The House With A Clock In Its Walls

Can You Hear The Ticking?

by OC Movies

A young orphan aids his magical uncle in locating a clock with the power to bring about the end of the world.

Eli Roth

Eric Kripke

Running Time:
1h 45min


Has Jack Black found his genre? After the recent Goosebumps and Jumanji: Welcome To The Jungle, he’s back with another kid-esq escapade.

Eli Roth, yes that Eli Roth of Death Wish and Hostel, directs from a screenplay by Eric Kripke (“Supernatural (TV)”, “Timeless (TV)”), and together they’ve created a child-friendly world full of magic and animated objects that falls somewhere between Harry Potter and Goosebumps.

Owen Vaccaro (“Daddy’s Home”, “Fun Mom Dinner”) is Lewis, a young orphan boy who goes to live with his uncle Jonathan (Jack Black) in his big old, mysterious house.

Living next door to Jonathan, though generally round his place all the time, is Florence Zimmerman, Cate Blanchett (“Thor: Ragnarok“, “Carol”), and together with strange goings on in the house, the pairing make an odd-couple.

As it transpires, Jonathan is a warlock and Florence a witch, and they are hunting for the titular clock in the house. They know it does something bad, exactly what remains a mystery.

As Lewis struggles to fit in at his new school, his attempt at impressing sees him raising the dead, never a good thing, and so begins a titanic race against time, magic, creepy dolls and pumpkins.

You know where you are with Jack Black, he’s flamboyant in his methods, some may say over the top, but for a child-friendly production like this it works, it’s not breaking new ground, but it works.

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Jack Black and Owen Vaccaro in The House With A Clock In Its Walls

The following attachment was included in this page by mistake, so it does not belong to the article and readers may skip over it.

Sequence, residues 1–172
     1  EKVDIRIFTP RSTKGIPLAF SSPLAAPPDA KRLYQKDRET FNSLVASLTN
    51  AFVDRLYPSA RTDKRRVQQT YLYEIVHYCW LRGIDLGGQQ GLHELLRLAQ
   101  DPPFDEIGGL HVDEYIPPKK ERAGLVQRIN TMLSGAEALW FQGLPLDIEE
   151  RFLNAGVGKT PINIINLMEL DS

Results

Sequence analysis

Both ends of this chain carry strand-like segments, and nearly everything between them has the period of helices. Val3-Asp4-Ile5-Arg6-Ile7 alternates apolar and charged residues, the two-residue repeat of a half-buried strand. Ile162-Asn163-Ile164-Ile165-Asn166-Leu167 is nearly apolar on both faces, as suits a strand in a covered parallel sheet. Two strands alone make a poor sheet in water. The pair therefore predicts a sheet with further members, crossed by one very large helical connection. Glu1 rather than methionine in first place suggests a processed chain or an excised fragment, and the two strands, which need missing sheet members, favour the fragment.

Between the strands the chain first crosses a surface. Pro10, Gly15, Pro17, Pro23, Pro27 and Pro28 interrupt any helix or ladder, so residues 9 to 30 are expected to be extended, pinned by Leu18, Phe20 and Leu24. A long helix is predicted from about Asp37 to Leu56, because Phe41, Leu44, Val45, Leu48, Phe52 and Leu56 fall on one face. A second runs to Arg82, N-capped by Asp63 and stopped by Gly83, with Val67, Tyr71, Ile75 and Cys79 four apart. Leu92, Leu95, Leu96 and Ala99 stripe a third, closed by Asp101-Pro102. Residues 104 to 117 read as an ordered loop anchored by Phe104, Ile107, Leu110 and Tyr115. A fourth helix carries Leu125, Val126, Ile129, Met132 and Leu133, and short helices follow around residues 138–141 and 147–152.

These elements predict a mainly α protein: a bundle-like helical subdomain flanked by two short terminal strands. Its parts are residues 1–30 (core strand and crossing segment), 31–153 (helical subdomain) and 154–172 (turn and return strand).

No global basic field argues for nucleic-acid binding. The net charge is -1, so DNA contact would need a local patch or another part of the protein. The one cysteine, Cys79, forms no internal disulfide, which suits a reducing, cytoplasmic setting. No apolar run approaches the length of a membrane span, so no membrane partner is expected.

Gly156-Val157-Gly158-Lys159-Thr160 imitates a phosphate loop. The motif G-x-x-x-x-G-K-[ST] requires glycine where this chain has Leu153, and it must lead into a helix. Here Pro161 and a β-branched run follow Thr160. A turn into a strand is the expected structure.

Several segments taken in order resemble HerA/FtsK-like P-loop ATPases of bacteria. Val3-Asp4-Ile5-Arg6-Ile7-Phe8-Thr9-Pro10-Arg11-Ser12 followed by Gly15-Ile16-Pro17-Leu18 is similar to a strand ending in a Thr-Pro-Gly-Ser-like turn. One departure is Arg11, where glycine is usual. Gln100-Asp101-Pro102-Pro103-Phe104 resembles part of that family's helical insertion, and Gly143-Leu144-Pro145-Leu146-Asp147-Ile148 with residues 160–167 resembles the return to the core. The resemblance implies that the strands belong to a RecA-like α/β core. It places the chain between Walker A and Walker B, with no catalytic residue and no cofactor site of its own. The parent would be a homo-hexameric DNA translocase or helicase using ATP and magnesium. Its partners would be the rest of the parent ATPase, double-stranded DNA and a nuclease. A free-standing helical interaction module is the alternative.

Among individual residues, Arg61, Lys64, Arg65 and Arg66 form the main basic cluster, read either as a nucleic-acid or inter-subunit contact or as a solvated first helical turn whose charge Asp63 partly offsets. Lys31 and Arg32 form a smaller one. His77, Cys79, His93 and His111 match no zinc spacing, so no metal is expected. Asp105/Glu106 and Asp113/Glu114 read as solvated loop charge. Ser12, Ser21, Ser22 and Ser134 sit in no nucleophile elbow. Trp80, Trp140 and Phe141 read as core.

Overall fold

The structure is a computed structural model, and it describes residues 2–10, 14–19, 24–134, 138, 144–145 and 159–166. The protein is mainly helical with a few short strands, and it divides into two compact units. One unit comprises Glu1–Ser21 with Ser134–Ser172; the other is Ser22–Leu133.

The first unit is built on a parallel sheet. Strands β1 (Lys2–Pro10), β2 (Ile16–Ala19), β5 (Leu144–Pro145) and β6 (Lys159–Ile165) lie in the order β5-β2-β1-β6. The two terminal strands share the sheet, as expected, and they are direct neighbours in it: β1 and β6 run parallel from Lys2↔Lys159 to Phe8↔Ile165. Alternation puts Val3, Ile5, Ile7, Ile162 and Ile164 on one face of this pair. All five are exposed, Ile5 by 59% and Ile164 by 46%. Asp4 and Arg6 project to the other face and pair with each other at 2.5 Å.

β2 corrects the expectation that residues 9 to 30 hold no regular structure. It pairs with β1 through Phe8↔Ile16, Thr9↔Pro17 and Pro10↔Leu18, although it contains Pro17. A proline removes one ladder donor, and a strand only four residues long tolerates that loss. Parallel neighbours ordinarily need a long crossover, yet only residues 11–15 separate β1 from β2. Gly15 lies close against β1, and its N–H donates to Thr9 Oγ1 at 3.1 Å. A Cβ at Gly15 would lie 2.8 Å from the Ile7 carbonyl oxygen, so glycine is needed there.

Blanchett is the prim and proper looking witch who isn’t afraid to trade verbal blows with Black whenever the opportunity arises, and it does so a lot, but she’s lost her mojo when it comes to magic. She adds a sense of balance to proceedings though at times you can practically hear her eyes rolling in her head.


But films like this rely heavily on the young person at the centre of it all which in this case is Owen Vaccaro. He has a child-like charm to his personality, a face full of wonder and questioning, he is however, a little too screamy at times, not the calmest boy.


Klye MacLachlan (“Twin Peaks (TV)”, “Inside Out”) is the evil warlock who has put the clock in the walls, but we don’t get to see much of him and when we do, well, let’s say he’s not looking his best.


Roth walks the line between dark and child-friendly well, in my opinion at least, though I’m not a kid, nor do I have any. I can imagine the automatons could be a little scary, perhaps the pumpkins too, but the film is a 12A and I’d have thought they’d be fine with it all.


Generally, he keeps things moving and at a reasonable pace. It doesn’t quite have the magical moments of Harry Potter, nor the charm and continuous comedy of a Charlie And The Chocolate Factory, say.


That’s not to say it isn’t funny, there are some laugh out loud moments and there’s plenty of gunk flying around to keep some kids happy (though do 12-year olds still laugh at gunk?), but some gags fall flat the moment they arrive on screen but are persisted with throughout for some reason.


The House With A Clock In Its Walls is a nice, fun, family-friendly movie that, whilst not breaking new ground, is a welcome addition to the genre and gives Eli Roth something he can finally show his kids. If movies were like dance music though, I’d be looking forward to the remix much more!


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